Women’s History Month, diversity at Fairchild AFB

  • Published
  • By Senior Airman Nick J. Daniello
  • 92nd Air Refueling Wing Public Affairs

[Editor’s Note: Women’s History Month is recognized during the month of March. WHM is to acknowledge the contributions that women have made throughout the years and is apparent in all walks of life. The following information is to showcase different women at Fairchild Air Force Base who serve in various career fields]

92nd Civil Engineer Squadron firefighter

Airman 1st Class Katelynn Williams, 92nd CES firefighter.

Williams’s primary mission as a firefighter is to respond to in-flight emergencies, something that can be unpredictable and requires constant training in order to stay prepared for when the time comes to respond.

“It’s demanding and challenging,” she said. “You walk into work in the morning and have an idea of how your day will go, but then you get a call and you’re off to hopefully make someone’s day better.”

When asked about the diversity of women in the military, Williams said, “Women play the same important roles that men do.  Whether you’re a male or a female firefighter, we’re all in it together… we’re able to rely on each other when we go into a dangerous situation… we’re all out there doing the same thing and have each other’s backs, no matter what.”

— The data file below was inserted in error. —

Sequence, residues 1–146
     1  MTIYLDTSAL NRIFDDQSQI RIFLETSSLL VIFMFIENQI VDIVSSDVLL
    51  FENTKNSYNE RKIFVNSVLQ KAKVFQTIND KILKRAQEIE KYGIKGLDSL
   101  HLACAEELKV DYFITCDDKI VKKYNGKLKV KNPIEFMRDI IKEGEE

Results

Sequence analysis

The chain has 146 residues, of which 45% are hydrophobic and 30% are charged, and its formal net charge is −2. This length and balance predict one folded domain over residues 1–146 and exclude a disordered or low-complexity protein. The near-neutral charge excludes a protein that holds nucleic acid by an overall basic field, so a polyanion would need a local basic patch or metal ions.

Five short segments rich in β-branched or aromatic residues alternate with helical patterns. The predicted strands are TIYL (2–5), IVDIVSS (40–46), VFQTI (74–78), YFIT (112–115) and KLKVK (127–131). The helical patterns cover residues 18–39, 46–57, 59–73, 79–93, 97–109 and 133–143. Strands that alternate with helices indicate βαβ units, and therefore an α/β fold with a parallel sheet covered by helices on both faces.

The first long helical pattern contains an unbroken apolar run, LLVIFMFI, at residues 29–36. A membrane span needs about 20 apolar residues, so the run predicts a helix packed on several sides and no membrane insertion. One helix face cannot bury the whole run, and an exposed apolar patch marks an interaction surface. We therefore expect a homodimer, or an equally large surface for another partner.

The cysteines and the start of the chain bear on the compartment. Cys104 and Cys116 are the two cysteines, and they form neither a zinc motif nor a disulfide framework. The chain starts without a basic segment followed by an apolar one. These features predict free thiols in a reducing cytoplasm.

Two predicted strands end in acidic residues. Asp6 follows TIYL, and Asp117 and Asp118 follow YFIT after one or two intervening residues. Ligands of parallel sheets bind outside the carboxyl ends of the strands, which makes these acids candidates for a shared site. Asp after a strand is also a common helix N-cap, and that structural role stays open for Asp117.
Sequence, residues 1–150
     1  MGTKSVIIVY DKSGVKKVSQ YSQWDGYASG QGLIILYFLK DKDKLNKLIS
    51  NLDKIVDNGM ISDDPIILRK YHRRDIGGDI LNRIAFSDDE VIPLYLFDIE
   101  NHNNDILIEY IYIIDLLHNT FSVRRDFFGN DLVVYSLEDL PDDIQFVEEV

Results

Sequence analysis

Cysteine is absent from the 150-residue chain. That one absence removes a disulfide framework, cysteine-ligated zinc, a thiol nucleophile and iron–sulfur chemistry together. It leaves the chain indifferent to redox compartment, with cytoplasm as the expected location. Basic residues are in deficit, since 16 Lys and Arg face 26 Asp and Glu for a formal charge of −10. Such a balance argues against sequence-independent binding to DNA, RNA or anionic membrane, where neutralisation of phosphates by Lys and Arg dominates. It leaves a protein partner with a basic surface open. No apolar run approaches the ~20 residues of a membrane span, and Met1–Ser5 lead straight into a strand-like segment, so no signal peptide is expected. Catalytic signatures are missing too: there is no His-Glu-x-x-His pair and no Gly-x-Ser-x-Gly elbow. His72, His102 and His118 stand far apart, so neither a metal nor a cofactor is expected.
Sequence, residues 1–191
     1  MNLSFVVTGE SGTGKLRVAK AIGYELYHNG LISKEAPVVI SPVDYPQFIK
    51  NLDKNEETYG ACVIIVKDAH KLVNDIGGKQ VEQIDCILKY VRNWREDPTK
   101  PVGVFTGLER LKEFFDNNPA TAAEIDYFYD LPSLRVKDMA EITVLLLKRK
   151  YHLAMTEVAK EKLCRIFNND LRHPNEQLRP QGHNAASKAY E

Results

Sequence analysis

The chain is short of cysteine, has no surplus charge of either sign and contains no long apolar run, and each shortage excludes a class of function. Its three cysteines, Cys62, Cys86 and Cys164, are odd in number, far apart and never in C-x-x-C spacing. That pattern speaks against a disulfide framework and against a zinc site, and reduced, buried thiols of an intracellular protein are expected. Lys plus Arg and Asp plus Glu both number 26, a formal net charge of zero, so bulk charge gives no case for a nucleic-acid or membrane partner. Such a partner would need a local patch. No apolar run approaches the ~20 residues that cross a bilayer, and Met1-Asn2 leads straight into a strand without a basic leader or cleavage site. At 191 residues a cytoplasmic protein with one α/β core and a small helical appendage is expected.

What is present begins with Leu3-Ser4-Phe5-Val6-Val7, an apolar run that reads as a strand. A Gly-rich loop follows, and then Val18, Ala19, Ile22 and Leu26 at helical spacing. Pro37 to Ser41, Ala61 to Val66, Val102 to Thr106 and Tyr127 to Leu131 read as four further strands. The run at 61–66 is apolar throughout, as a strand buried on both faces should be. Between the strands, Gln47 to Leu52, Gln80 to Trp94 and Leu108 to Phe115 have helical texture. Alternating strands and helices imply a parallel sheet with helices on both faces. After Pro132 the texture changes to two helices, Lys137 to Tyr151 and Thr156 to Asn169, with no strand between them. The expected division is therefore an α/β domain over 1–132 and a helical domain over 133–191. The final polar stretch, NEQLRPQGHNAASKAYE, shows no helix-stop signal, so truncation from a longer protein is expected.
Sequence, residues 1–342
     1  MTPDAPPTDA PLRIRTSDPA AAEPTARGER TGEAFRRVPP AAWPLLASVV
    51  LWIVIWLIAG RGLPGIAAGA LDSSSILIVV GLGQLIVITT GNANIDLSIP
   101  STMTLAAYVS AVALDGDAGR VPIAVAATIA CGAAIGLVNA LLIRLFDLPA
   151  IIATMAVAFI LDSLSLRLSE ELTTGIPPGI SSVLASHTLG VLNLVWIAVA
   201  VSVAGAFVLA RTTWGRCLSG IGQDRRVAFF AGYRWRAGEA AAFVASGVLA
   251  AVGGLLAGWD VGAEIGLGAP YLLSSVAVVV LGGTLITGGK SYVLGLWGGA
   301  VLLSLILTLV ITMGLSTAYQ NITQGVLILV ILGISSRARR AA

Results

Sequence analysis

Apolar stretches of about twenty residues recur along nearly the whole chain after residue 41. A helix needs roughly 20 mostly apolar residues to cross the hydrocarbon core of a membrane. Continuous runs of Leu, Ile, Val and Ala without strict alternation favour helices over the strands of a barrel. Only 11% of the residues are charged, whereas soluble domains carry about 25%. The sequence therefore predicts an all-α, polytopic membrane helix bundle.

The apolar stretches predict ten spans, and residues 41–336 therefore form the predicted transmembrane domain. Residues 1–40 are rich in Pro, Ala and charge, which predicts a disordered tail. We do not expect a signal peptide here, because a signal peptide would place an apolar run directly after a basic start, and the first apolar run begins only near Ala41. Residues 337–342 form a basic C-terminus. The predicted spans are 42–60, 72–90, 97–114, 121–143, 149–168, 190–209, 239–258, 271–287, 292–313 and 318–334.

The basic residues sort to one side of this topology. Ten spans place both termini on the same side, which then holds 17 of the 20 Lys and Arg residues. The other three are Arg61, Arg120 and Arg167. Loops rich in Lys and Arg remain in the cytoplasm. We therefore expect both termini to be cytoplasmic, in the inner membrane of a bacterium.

92nd Communications Squadron cyber systems operator

Staff Sgt. Amanda Morgan, 92nd CS cyber systems operator.

Morgan’s primary mission is to monitor Fairchild’s virtual and physical environment for authentication, and manage cyber patches and vulnerabilities.

When asked about the diversity of women in the military, Morgan said, “Just like different races and nationalities, women bring their own unique experiences to the mission… we’re rising through the ranks and even joining career fields that were once only open to men.”

92nd Medical Operations Squadron clinical psychologist

Maj. Whitney Hasbrouck, 92nd MDOS clinical psychologist.

Hasbrouck provides counseling services to those in need and impacts the way her patients interact with others in their lives.

When asked about the diversity of women in the military, Hasbrouck said, “I have worked with many incredible women in the military and admire the level of strength and perseverance that defines them. Often these characteristics are developed through facing challenges inherent to being female in a male dominated environment. Those women who come through adversity stronger naturally sharpen the people around them. By incorporating women into our military, we have turned the challenges of gender inequality into opportunities for growth.”